08/25/1998 14:22:22 Moscow retailers hike prices as rouble dives
By Peter Graff
MOSCOW, Aug 25 (Reuters) - Retailers scrambled to raise
their prices on Moscow's streets on Tuesday as the Russian
rouble plunged 10 percent against the dollar.
The sharpest exchange rate fall in nearly four years sent
Russians scurrying to dump their roubles for hard currency.
By early afternoon the rush on exchange booths was not quite
as severe as during last week's initial announcement that the
rouble would be allowed to drop. But at wholesale goods markets,
where sellers keep a close eye on the currency, the inflationary
impact was felt immediately and more sharply than before.
At the Kiev Railway Station market, where large numbers of
street vendors stock up on tobacco and sweets to sell across
Moscow, most of the aluminium kiosks were shut. Merchants could
be seen inside a few frantically relabelling their stocks. Many
of their customers seemed to be milling about in a daze.
"Apollo for 28 roubles? My lord!" said a middle-aged man,
tapping at a box of cigarettes behind the glass at one of the
few operating stalls. "And L&M's for 43! I just bought them for
Restaurants and cafes were printing up fresh menus hiking
prices. Il Pomodoro, an Italian trattoria, drew up new menus
over the weekend and planned to print a whole new set again
before opening on Wednesday.
Many retail shops still had not taken the new rates into
account, making bargains available for those with hard currency,
but these were only likely to last until new stock arrived.
Japanese compact disc players at one electronics shop had
become far cheaper in real terms. But "when they bring us new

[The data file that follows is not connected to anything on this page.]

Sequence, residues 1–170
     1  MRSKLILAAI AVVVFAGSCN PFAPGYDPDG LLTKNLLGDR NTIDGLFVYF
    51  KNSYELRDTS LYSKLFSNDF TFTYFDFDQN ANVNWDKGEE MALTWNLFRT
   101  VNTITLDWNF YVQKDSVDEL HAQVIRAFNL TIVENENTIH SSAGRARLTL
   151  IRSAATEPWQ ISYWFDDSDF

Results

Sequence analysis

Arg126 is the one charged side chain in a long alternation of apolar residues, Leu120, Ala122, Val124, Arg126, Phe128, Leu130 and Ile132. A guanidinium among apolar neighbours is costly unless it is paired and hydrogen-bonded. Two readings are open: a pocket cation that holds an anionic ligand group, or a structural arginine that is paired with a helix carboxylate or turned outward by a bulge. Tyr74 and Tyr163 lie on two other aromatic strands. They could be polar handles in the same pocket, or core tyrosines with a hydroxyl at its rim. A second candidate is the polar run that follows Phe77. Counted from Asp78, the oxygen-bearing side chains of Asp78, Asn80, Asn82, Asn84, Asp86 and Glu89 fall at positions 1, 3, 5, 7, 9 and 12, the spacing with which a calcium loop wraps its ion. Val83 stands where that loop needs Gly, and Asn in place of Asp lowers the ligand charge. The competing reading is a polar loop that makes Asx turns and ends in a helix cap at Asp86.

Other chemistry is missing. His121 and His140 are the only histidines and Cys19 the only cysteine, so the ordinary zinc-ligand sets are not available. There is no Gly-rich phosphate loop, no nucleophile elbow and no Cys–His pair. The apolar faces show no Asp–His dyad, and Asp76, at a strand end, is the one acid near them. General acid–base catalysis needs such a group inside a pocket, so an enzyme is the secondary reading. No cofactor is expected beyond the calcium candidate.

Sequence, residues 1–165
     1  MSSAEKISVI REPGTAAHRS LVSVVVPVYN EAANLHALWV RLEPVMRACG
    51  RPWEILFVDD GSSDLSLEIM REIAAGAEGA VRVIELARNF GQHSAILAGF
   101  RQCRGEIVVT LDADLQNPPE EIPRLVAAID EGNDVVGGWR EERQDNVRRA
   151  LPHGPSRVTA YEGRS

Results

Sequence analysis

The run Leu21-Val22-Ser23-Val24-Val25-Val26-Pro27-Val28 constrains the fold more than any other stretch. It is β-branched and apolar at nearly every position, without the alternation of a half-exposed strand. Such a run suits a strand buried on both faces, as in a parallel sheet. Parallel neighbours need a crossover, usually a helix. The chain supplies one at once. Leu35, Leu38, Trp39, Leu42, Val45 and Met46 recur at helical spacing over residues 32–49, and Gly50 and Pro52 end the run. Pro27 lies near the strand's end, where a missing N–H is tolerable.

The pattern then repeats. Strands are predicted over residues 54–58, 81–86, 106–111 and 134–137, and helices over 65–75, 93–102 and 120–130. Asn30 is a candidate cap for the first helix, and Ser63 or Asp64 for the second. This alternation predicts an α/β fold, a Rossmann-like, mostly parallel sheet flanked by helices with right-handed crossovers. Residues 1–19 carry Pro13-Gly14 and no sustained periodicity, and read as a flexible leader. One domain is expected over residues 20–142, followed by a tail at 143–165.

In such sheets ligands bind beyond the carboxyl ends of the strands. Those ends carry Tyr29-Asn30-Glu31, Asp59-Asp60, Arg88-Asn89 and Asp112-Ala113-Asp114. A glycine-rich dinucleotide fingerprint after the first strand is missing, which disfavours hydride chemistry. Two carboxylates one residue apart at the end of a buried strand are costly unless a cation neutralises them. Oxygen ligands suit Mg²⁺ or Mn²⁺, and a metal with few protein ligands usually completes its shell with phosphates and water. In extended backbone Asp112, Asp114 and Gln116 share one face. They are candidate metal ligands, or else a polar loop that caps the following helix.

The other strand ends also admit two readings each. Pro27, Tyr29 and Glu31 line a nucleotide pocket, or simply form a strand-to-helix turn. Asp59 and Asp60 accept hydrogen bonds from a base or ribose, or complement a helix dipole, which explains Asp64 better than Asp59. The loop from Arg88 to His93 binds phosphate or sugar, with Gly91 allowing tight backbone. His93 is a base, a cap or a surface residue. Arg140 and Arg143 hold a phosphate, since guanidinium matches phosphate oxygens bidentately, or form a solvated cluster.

goods, there will be new prices," the saleswoman said.
At a nearby pharmacy, imported aspirin was being sold for
the same rouble price as before the plunge, and a bakery was
still asking the same two roubles for a loaf of white bread.
A McDonalds Big Mac was decidedly easier to chew for patrons
with dollars. At 13 roubles it had cost $2.06 last week but was
now only $1.65.
Exchange booths that managed to keep dollars in the till had
queues stretching into the streets of patrons buying dollars for
about 8.5 roubles or selling them for about 7.5.
Before the government effectively devalued the currency last
week, the margin between buying and selling rates on the street
was rarely more than two or three percent.
The freeing of the rouble was the final nail in the coffin
for reformist Prime Minister Sergei Kiriyenko, who was sacked by
President Boris Yeltsin on Sunday and replaced by former premier
Tuesday's 10 percent fall on the Moscow Interbank Currency
Exchange came as commercial banks, permitted by the central bank
to withdraw more rouble reserves to ease a liquidity crunch,
immediately began dumping roubles for dollars.
Russian banks are also nervously awaiting an announcement of
a restructuring of short-term government rouble debt, which is
likely to hurt their balance sheets further.
Suppliers and distributors of consumer goods often clear
debts with each other based on the interbank rate.